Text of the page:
Alongside Charlotte Roche, I read Patricia Highsmith’s Little Misogynistic Tales. They are gems of short fiction, but take every stereotype of female nastiness, amplify it and serve it up cold and indigestible. Edna is about a mother/mother-in-law, living with her son and his wife. This so reminded me of my own fraught relationship with my mother in the months before she died. Men get fat and lazy in old age. That can be annoying, but is better than wanting to run people’s lives under the pretence of being useful. While minding her own business, Edna takes over the house and the lives of her son and daughter-in-law.

In these stories, Highsmith takes every facet of the female psyche and gives it back with a hateful twist. She chose the title and the stories are misogynistic. Do such women, as she describes, exist? How would I know? All I can say is, I’ve never met them – or have I?

In order to understand where Highsmith and Roche were coming from, I looked up their biographies. Like Roche, Highsmith was brought up by dysfunctional parents, who failed to put the needs of their child, before their own. Most people involved in pedagogy agree, it doesn’t matter how you bring up your children, so long as you have thought about your system and it has the interests of the child as a priority. I suppose the corollary is – anti-authoritarian or the odd thrashing – it doesn’t matter, so long as the parents care enough to make the effort. One says that the difference between a successful school career and dropping out with no qualifications, is a five-minute chat with a parent every day, about what happened at school. Take those headphones off mums and dads and turn off the phone when walking your little ones to and from school. Otherwise your children might become novelists!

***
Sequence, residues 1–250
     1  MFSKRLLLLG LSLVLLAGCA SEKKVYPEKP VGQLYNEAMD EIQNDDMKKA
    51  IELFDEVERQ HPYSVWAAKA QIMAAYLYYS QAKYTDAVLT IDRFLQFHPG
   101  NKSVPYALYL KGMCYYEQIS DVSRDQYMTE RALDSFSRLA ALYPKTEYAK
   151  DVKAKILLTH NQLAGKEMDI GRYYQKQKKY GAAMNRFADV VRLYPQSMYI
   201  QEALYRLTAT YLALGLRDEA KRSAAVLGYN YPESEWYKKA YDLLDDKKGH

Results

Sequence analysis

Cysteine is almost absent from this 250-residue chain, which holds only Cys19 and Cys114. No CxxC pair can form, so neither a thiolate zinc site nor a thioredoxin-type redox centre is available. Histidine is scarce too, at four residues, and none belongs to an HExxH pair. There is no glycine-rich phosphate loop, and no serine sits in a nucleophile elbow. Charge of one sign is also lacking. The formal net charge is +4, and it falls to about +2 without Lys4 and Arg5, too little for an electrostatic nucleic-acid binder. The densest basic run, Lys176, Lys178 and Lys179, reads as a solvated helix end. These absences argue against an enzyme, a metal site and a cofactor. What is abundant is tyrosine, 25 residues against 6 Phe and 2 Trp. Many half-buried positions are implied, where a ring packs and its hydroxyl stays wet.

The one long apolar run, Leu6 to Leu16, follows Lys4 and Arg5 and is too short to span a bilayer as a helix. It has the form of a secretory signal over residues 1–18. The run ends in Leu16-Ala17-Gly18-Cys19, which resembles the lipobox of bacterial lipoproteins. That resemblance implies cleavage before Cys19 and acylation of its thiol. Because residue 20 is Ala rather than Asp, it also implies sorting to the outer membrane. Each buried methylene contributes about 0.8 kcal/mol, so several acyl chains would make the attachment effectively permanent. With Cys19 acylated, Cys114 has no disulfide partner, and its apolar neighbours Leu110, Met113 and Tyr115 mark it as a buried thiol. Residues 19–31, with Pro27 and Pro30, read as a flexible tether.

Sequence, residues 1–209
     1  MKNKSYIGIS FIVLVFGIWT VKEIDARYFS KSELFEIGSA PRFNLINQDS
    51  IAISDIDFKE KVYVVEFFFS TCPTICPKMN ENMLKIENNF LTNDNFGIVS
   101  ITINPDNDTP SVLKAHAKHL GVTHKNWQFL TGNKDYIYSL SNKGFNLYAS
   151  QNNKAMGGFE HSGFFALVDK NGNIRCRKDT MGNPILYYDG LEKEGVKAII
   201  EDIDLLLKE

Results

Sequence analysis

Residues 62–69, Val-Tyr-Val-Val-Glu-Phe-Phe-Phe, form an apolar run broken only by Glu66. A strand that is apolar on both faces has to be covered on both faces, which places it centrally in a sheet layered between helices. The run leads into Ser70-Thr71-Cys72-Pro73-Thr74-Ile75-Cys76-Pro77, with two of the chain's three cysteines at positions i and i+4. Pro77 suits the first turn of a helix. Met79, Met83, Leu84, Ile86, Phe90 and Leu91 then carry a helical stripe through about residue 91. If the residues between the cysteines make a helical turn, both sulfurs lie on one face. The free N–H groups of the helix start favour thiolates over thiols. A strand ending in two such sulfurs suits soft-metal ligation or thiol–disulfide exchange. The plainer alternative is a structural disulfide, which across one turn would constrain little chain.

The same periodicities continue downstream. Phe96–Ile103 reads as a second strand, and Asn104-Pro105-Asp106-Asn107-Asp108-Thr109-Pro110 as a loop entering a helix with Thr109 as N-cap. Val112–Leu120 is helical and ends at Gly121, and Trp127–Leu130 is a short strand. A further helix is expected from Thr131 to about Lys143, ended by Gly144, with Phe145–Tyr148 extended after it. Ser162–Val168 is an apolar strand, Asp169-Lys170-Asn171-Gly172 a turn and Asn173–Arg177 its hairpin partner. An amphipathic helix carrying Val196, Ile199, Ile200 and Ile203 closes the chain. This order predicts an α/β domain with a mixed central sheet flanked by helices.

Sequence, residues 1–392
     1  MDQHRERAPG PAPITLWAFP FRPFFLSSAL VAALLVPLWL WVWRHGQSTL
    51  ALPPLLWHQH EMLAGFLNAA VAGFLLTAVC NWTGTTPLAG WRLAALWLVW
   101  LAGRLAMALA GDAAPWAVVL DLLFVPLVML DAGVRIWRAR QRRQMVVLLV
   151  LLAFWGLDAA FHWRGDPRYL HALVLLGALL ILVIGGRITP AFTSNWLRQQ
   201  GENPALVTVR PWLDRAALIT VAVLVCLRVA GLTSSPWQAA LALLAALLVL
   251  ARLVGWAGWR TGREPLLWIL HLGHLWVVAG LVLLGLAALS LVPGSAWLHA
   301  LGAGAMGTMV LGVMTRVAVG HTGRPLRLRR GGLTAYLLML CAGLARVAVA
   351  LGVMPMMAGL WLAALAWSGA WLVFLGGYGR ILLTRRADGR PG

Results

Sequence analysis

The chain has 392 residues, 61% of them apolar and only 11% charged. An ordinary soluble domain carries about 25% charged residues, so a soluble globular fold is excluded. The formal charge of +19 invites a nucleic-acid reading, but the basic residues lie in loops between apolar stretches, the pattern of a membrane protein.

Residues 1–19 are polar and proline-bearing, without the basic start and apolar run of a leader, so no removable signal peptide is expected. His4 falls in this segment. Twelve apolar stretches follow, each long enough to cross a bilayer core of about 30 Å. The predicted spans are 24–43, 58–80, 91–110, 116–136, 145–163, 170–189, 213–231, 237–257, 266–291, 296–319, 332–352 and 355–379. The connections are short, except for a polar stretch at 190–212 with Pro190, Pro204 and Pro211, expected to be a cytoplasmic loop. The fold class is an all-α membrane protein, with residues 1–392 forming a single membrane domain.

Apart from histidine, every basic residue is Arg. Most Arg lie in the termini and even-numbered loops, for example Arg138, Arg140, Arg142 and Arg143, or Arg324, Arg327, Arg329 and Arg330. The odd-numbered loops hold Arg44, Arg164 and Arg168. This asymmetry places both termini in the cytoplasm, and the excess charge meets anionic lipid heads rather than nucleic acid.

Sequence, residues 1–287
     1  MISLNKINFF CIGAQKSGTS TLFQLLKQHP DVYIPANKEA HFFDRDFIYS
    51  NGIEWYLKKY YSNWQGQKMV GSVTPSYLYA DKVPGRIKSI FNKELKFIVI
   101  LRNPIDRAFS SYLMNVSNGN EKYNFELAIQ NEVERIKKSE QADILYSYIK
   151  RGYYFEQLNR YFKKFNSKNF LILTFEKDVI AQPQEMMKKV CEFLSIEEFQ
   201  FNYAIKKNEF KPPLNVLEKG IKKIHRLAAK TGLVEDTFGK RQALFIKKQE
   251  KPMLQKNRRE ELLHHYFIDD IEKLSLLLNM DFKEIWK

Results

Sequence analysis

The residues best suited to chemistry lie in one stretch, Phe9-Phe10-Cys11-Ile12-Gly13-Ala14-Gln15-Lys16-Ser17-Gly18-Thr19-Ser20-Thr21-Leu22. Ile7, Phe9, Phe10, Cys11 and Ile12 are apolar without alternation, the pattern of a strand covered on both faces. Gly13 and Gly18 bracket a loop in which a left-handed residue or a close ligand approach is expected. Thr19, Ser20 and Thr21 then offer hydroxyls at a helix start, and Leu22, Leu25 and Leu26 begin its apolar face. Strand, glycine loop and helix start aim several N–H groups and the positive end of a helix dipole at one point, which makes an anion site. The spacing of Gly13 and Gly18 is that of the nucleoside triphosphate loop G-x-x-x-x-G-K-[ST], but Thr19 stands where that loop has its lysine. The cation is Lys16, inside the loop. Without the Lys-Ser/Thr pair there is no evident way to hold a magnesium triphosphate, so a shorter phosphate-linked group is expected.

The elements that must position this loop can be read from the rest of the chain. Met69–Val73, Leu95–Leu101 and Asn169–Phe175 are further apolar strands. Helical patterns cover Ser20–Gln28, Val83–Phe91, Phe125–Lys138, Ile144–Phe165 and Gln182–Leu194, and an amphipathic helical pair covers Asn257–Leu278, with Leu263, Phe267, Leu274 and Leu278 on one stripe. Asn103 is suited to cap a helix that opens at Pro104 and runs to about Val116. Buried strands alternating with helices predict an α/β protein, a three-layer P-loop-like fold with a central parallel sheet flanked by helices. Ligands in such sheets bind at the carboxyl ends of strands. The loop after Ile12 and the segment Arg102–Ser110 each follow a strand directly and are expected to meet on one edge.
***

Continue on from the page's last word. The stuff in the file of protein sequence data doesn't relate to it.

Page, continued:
Highsmith never stopped hating. She became a brilliant writer, but couldn’t conquer her demons. Roche still has time to let go, unless her writing is therapy. She describes a bowel movement as a metaphor for getting rid of her anger. Her metaphors are the reason the critics hate her. Chapter 17 of Ein Mädchen für Alles by Roche (Girl Friday), is a red flag to nice middle-class critics with a degree in creative writing, who never got beyond page 3 of their own novel, but now have a cushy number trashing the novels of others. They would say, ‘Nice people don’t write like that!’

Highsmith is cleverer, or more skilful. Her stories are gems. She has the drop on the critics. She has them running scared.

This blog was first published for the last International Women’s Day in 2016 by New London Writers.

Published by Clive La Pensée

Clive La Pensée, ex-science teacher, recognised writer on history of beer, novelist, expressionist, dreamer, believer in never giving up, empathiser, hopeful for a future without class, gender or racial prejudice. It's tough and at the moment, one has to remember distance travelled, rather than where we are at.